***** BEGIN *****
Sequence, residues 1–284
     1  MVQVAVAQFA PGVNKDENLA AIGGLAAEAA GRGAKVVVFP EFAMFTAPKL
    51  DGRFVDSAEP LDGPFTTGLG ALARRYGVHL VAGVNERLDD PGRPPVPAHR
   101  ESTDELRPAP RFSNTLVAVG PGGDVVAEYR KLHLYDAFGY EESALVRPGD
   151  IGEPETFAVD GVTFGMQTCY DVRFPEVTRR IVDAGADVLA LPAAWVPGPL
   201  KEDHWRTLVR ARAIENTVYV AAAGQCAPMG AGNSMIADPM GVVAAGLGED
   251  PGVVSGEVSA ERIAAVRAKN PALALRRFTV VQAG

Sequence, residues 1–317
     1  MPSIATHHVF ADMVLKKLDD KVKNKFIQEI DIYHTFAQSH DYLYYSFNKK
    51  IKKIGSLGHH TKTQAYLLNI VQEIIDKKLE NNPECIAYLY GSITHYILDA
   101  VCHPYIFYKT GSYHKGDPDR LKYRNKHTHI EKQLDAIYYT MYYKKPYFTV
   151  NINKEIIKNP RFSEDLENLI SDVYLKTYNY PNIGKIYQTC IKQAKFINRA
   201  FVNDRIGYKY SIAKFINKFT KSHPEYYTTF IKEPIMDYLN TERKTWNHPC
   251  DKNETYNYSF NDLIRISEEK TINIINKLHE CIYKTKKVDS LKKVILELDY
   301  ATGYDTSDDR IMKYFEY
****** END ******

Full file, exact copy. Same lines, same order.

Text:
Sequence, residues 1–284
     1  MVQVAVAQFA PGVNKDENLA AIGGLAAEAA GRGAKVVVFP EFAMFTAPKL
    51  DGRFVDSAEP LDGPFTTGLG ALARRYGVHL VAGVNERLDD PGRPPVPAHR
   101  ESTDELRPAP RFSNTLVAVG PGGDVVAEYR KLHLYDAFGY EESALVRPGD
   151  IGEPETFAVD GVTFGMQTCY DVRFPEVTRR IVDAGADVLA LPAAWVPGPL
   201  KEDHWRTLVR ARAIENTVYV AAAGQCAPMG AGNSMIADPM GVVAAGLGED
   251  PGVVSGEVSA ERIAAVRAKN PALALRRFTV VQAG

Sequence, residues 1–317
     1  MPSIATHHVF ADMVLKKLDD KVKNKFIQEI DIYHTFAQSH DYLYYSFNKK
    51  IKKIGSLGHH TKTQAYLLNI VQEIIDKKLE NNPECIAYLY GSITHYILDA
   101  VCHPYIFYKT GSYHKGDPDR LKYRNKHTHI EKQLDAIYYT MYYKKPYFTV
   151  NINKEIIKNP RFSEDLENLI SDVYLKTYNY PNIGKIYQTC IKQAKFINRA
   201  FVNDRIGYKY SIAKFINKFT KSHPEYYTTF IKEPIMDYLN TERKTWNHPC
   251  DKNETYNYSF NDLIRISEEK TINIINKLHE CIYKTKKVDS LKKVILELDY
   301  ATGYDTSDDR IMKYFEY